George had lived a full life. He attended Republican meetings, threw parties, travelled to Asia, Europe, and the Middle East, gave to charity, and helped erect Purdue’s Rose-Ade Stadium. The only thing he never did was marry. George Ade died May 18th, 1944 at age 78. After his death, he faded into obscurity, forgotten with his writings, left to collect dust. As I said in the beginning, it’s quite sad. He was a man beloved by all, not only that, but he came from our home state, and yet, how many of us have a book of his on our shelves? As said in the Dover Edition reprint of “Fables in Slang”, E.F. Bleiler wrote, “Perhaps this long deserved reissue of his earliest collections of fables will bring him the evaluation that he merits, away from…..the complete neglect that he has fallen into. His fables, I am sure, deserve recognition. They are remarkably perceptive, often brilliantly written, and are still funny and pertinent to the American scene.” George Ade may not be one of the most revered names in literature, but he is worth not being left unknown either.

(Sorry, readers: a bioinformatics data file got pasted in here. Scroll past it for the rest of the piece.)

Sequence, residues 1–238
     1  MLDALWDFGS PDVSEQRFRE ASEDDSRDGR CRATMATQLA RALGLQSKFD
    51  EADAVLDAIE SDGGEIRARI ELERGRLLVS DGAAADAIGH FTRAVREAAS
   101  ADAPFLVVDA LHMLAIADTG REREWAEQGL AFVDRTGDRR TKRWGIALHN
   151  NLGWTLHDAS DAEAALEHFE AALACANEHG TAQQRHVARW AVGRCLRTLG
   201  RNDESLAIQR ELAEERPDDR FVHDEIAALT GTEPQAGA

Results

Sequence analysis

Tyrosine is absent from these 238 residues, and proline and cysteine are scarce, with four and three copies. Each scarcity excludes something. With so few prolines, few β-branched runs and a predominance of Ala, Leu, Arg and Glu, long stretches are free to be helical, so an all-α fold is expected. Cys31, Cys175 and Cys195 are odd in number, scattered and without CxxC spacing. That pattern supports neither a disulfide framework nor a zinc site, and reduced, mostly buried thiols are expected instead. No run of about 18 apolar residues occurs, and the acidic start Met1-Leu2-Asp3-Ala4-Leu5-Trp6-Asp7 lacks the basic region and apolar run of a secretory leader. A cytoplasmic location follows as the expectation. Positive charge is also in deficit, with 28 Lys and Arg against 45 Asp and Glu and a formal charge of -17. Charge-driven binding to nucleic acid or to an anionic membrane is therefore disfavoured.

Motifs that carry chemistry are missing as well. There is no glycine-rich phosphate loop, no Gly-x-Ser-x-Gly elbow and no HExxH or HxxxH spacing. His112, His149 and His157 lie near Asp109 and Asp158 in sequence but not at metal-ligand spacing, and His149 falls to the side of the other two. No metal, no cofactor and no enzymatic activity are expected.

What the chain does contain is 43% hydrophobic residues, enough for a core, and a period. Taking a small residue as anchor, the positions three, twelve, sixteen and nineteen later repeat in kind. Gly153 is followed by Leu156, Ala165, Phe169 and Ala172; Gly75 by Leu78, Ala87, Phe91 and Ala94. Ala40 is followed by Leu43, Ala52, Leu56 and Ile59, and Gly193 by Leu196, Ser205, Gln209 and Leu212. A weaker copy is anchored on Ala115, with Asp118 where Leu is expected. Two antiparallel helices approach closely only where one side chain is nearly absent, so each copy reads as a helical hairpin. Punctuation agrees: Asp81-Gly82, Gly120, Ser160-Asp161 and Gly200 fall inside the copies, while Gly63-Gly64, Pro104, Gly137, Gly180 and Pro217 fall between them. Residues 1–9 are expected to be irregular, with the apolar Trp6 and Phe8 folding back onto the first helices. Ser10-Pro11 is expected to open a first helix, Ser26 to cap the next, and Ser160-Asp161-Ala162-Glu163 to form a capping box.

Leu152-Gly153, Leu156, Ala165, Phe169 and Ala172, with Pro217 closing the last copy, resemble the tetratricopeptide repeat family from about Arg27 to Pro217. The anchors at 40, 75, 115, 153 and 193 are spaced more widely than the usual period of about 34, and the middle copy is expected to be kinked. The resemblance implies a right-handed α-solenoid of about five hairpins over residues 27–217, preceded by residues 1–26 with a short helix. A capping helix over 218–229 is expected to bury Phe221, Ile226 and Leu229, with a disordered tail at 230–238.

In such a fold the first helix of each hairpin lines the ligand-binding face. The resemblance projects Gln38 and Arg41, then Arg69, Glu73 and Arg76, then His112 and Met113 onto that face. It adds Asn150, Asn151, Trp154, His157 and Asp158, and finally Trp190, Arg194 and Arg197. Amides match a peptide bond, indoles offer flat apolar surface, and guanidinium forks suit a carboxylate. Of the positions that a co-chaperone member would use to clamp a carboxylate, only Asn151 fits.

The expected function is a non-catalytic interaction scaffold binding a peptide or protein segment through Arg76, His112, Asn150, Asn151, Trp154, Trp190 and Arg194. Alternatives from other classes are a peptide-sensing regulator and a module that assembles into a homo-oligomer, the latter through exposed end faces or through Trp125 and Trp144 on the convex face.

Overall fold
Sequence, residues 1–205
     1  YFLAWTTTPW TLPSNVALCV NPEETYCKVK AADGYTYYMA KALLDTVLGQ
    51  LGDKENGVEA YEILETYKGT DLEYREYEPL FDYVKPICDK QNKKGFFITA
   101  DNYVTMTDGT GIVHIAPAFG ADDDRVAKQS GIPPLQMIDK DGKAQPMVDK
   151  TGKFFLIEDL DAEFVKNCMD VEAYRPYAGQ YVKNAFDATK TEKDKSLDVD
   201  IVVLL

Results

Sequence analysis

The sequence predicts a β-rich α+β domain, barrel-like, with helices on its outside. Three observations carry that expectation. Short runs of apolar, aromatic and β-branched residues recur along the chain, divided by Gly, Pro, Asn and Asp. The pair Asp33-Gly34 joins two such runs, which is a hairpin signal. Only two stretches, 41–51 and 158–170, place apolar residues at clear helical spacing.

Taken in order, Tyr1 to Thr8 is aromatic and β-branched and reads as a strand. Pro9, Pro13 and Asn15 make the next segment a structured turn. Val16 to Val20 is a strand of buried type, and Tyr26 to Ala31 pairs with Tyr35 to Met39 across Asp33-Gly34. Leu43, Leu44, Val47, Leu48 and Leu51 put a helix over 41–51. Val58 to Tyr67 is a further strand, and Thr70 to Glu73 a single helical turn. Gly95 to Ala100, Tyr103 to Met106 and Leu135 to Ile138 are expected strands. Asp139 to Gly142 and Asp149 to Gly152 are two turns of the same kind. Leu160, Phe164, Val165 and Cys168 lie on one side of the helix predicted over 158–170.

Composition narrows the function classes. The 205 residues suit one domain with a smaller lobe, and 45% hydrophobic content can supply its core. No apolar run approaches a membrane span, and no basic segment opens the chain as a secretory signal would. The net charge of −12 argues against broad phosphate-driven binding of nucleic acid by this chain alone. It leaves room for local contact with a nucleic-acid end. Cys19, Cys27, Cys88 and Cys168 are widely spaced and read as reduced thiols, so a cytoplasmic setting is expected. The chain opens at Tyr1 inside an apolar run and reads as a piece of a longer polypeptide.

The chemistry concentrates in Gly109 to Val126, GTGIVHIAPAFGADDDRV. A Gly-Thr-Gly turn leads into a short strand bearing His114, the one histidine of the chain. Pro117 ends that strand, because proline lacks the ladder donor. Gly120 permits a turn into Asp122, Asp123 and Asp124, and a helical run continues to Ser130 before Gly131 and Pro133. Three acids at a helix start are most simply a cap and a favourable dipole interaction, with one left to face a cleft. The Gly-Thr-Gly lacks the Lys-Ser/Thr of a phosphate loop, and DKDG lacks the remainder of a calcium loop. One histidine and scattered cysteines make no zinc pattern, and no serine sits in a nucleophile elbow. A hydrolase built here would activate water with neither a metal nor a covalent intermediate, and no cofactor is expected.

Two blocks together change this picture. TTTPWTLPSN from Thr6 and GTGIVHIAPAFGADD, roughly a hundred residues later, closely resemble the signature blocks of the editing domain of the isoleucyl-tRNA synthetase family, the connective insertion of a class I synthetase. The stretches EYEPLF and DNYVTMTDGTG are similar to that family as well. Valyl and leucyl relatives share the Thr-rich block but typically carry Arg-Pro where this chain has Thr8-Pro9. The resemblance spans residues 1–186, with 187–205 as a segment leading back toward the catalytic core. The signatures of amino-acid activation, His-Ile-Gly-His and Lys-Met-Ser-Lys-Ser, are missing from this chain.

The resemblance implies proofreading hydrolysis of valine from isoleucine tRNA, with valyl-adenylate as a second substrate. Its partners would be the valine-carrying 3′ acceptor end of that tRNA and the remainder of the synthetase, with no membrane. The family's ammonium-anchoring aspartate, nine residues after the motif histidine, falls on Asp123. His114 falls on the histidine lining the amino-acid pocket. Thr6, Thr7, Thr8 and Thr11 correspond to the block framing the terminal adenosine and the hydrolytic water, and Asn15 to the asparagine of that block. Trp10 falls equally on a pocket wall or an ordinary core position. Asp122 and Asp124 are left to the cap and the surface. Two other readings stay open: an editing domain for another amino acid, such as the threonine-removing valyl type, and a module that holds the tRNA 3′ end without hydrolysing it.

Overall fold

“The Best of George Ade” edited by A. L. Lazarus
“Fables in Slang” and “More Fables in Slang” by George Ade
“Circus Day” by George Ade
Photos found online